July 31, 2009
I came across this Slim Aarons photo of the Hon Desmond Guinness and his children in Town & Country magazine some time ago and never forgot those striking sets of blue eyes. Originally printed in 1963 in Holiday magazine, the shot was snapped at Guinness’ then recently acquired estate, Ireland’s Leixlip Castle. Would you just look at that ikat jacket? Pure divinity! It may just be the most striking family photo of all time…
(Image from here)
July 30, 2009
I came across these musings about Paris in Maira Kalman’s New York Times archives and just had to share them with someone. They were posted in November 2006 and remain as charming as ever. To view the full post be sure to visit HERE. She went to some of the most magnificent places, don’t you think?
(All images by Maira Kalman courtesy of The New York Times)
July 30, 2009
In her “New Antiquarians” article (see today’s earlier post) New York Times writer Penelope Green made several mentions of The JANE hotel in New York. Curious as always, I headed over to the hotel’s website and just look what I found! The site itself is a collage of quirky, vintage inspired pieces and prints that together create a masterpiece. I can’t remember the last time I stumbled across such a feast for the eyes (their graphic designer is a genius). Renovated by Sean MacPherson and Eric Goode (the masterminds behind New York’s Bowery Hotel and the Waverly Inn restaurant), The Jane boasts 200 rooms in its waterfront location in the West Village. The best part? They begin at only $99 a night!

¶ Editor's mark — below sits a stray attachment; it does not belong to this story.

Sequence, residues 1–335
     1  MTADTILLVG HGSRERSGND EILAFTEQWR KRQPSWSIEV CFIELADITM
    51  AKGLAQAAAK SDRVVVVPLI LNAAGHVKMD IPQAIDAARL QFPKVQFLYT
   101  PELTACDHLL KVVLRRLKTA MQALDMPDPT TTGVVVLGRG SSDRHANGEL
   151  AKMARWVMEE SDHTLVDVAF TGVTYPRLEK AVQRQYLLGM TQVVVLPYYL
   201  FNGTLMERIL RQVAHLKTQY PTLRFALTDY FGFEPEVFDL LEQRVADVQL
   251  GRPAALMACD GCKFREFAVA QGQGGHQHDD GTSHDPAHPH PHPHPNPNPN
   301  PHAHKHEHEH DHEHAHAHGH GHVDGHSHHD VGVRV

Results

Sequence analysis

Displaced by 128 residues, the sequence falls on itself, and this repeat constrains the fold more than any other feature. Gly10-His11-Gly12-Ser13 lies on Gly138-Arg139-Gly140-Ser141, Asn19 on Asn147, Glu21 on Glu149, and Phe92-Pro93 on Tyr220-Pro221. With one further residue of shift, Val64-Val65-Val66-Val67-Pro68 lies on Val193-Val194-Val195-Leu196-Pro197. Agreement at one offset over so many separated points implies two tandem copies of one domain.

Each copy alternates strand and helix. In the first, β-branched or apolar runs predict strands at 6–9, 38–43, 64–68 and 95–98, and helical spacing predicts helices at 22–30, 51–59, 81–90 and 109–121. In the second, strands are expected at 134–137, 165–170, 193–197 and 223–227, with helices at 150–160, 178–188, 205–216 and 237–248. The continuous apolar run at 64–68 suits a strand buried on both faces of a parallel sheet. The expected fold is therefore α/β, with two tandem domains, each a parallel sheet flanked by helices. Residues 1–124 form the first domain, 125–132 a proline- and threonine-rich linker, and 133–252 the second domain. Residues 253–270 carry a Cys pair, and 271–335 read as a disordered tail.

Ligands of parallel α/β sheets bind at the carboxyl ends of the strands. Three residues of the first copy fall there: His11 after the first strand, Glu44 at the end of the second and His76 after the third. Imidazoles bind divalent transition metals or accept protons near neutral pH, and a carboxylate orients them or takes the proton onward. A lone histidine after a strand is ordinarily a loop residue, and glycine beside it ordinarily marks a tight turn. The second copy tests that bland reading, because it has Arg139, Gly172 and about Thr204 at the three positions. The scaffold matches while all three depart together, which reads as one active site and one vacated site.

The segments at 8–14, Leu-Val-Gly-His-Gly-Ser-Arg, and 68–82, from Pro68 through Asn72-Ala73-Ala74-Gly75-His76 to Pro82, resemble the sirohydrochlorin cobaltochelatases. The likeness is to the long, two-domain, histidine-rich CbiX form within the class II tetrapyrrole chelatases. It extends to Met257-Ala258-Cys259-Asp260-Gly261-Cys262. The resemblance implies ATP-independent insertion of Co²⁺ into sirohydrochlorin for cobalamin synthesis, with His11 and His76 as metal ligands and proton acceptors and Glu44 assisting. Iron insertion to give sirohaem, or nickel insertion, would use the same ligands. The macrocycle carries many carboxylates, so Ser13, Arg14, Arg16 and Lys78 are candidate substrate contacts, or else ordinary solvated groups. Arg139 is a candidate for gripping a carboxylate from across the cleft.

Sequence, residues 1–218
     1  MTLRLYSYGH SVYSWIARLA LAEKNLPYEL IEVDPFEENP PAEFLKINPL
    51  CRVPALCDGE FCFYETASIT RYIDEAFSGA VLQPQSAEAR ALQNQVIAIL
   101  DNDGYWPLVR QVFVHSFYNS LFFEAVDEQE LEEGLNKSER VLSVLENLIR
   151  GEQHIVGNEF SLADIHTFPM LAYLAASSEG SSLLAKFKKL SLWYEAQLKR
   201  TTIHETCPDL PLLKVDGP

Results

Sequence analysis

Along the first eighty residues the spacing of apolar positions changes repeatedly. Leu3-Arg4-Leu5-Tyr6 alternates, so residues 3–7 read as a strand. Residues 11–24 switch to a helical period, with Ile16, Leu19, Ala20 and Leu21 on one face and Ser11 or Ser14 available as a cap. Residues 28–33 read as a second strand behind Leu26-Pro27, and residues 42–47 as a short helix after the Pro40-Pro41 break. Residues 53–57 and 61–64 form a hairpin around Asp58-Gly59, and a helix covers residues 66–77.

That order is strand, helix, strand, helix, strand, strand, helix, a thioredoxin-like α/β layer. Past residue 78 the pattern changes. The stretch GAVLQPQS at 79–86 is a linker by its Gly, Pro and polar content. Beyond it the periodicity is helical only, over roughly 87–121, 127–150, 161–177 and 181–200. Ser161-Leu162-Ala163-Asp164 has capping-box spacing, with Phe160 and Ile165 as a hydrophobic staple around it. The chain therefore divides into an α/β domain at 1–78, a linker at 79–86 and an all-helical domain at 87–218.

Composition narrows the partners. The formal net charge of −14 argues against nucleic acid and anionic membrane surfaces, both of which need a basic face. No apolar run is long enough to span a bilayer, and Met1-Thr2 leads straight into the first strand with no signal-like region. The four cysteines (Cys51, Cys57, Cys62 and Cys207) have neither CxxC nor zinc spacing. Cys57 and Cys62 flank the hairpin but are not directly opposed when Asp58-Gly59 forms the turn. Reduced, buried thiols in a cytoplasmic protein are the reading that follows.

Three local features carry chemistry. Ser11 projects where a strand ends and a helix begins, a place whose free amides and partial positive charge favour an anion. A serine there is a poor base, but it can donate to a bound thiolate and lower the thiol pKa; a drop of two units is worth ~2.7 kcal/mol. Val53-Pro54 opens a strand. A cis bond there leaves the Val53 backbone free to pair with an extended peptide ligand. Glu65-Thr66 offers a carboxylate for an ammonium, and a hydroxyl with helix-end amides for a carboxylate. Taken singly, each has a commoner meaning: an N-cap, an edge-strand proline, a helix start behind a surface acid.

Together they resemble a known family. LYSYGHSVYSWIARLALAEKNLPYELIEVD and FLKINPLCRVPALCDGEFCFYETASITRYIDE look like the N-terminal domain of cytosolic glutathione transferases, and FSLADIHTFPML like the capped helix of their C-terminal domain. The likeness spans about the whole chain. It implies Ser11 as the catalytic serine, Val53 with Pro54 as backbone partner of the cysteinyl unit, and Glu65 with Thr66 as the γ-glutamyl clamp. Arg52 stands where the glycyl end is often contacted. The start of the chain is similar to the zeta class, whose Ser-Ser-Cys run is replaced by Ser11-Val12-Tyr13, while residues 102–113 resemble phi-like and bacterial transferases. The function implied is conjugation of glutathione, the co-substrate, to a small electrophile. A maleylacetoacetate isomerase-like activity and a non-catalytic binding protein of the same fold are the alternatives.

Targeting young travelers with “more dash than cash,” MacPherson and Goode wanted to create a hotel that reflected the idiosyncratic New York one might have still been able to find in the eighties, but is increasingly rare today. They captured this eccentric bohemia by creating cozy 50-square-foot rooms modeled after luxury train cabins complete with modern day conveniences such as free high-speed internet and flat screen TVs. Due to the small rooms, MacPherson and Goode hope their guests will socialize in the hallways, the communal-style European bathrooms, and the lobby which once housed the gritty Jane Street Theater and is being restored to its original grandeur. There are also plans to restore the basement’s hand-tiled swimming pool—doesn’t it sound magical? Having been a haven for sailors in the 1920′s, the building was first built in 1907 and its claim to Manhattan history is having sheltered survivors of the Titanic in 1912. Would somebody please book me a room?
(All images courtesy of www.thejanenyc.com)